I have not always been grateful for my sisters, I must admit. I was the first and most important and then they had to come along. The Canadian one, who was English at the time, stole my woolly bear, I remember. When I was twelve she blurted out to Kevin Brewer, a sixteen year old leather-jacketed blond-quiffed motorbike rider who went to the same youth club as me – that I had just used some white stuff to bleach my moustache. (I hasten to add, not a great whiskery handlebar moustache or anything grotesque – I’m just, you know, a brunette… well, now I’m more of a grey-with-brunette-undertones).
I had a massive crush on Kevin Brewer. I used to sit at the bottom of his garden and pine for him hour upon hour until his mother complained to my mother and my mother, irritated, told me not to. So imagine how pleased I was with my English-at-the-time sister. Not that I ever had any chance with Kevin Brewer. What I finally got a date it was with a bespectacled weed call John-something-or-other. We went for a walk along the sea wall and I was terrified. He told me afterwards he had been dared to ask me out – by Kevin Brewer.
However – gosh, that was as long digression – this evening I was glad of my Canadian sister. She phones me quite a lot at the moment because my brother-in-law has terminal cancer and she is on her own out there. She is even more on her own because he is fed up with her crying all over the place when he just wants to carry on as normal – a different approach. So she was feeling low this morning (it’s morning in Alberta when it’s evening here) and she called me, and we chatted round in circles as usual. We talked about counselling and short-term projects – small goals, easier to cope with. I didn’t know how to reach out across the Atlantic and lift her mood but quite by accident – as you shall see – I did.
In the meantime I had been having one of my Black Dog days. It was something to do with the necessity of spending a whole day being driven round properties with a guy called Gavin on Tuesday – the thought of which was already exhausting me – and the prospect of visiting Mum in the mental hospital on Easter Day. I don’t talk about Black Doggie much – he is manageable. I’ve seen what clinical depression does to people (this is my third lot of psych ward visiting) and my occasional Grim Day is nothing in comparison.
So, I got in the car, in a chilly wind (Storm Kate – don’t they sound nice with names? – is due to hit the South East at midnight). I stopped off at the one-and-only-shop to buy a box of chocolate fingers for Mum, since it’s Easter Sunday. When I got there she didn’t want them. Black Doggie was with her too. Two Black Doggies in one room. She had a headache. I persuaded the nurse to give her some paracetamol. The old lady who sings to me, sang to me again. She eyed the chocolate fingers.
‘I often share my things with your Mum. I expect your Mum would want me to have a chocolate finger. Or two. If she could speak.’ Her eyes never left the box and the tantalising chocolate-finger picture on the packaging. I gave her two. Had to ask the nurse for help getting into the cellophane. He gave me that look, like – shall I reserve you a chair in the Recreation Room now? On the way out I gave her the rest of the packet. ‘That was kind of you,’ said the nurse. ‘It’s not easy, is it? This time?’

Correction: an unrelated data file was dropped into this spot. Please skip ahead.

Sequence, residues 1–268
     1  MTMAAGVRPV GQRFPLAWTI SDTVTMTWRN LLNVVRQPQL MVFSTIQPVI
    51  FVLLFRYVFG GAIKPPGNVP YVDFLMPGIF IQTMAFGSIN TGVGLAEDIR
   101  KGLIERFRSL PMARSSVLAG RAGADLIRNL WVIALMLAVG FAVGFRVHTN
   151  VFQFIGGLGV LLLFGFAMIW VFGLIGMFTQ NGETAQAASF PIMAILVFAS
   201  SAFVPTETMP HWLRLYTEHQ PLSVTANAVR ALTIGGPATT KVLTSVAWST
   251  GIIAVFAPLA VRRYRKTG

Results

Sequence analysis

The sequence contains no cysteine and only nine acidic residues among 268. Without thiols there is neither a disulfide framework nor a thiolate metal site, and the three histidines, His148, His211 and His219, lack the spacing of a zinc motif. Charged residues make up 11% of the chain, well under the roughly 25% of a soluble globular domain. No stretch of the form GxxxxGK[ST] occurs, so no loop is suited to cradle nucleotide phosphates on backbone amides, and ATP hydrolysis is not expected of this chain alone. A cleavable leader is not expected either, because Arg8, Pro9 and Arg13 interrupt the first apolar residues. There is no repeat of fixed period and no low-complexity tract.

So Mum and I sat and held hands, and I lent her my comb because she said hers had disappeared. She had someone else’s trousers on. I told her to keep the comb, but she gave it back. I wrote notes for her. She looked at them and handed them back to me. ‘I’m never getting out of here.’
‘Yes, you are. Soon. It’s a hospital. They can’t keep you for ever.’
‘I don’t believe it. What use am I? The doctors should give me something to get rid of me. What use am I, in here?’ Outside, there were daffodils, and birds flying about. In here, on the wall, was a frieze of spring made of coloured paper and cotton wool, like you see in the classrooms at infants’ school.
So, really, three Black Doggies – the Canadian one, mine and the one sat next to my Mum in the mental ward.
But then my sister phoned and she told me she was thinking of learning shorthand, as one of those short-term projects to cheer herself up. It wasn’t that she needed shorthand, she said, but she liked the shapes it made. She could see it on the wall – like a poem, maybe – and visitors would ask, ‘What do all those squiggles mean?’ And I said that was a weird coincidence – I had only five minutes before ordered a second-hand book on Gregg shorthand, having been reminded of it by an old post on this blog. Mum had had a book on Gregg shorthand – turned out we both remembered it.
And somehow the weirdness, that we should have both thought of learning shorthand, at the same time, all those thousands of miles apart across windswept oceans, lifted her mood. Mine too. She asked me to order the same book for her. We would learn it together, she said, and she would write me letters in Gregg shorthand, and I would write her Gregg shorthand letters back, and she would make artwork using Gregg shorthand, or write a diary that her husband couldn’t read, or…
Once, when we were teenagers, sat in that stuffy suburban living room with our parents and other visiting family, the same funny thing occurred to us both at the same time. It wasn’t a joke. It wasn’t anything anyone had said it was just – an invisible amusement. I caught her eye and she caught mine. I started giggling, and she started giggling. And of course no one else had any idea what we were giggling about – and even we weren’t entirely sure – which made it funnier still.
It was ten minutes before we could stop, by which time we had the hiccups.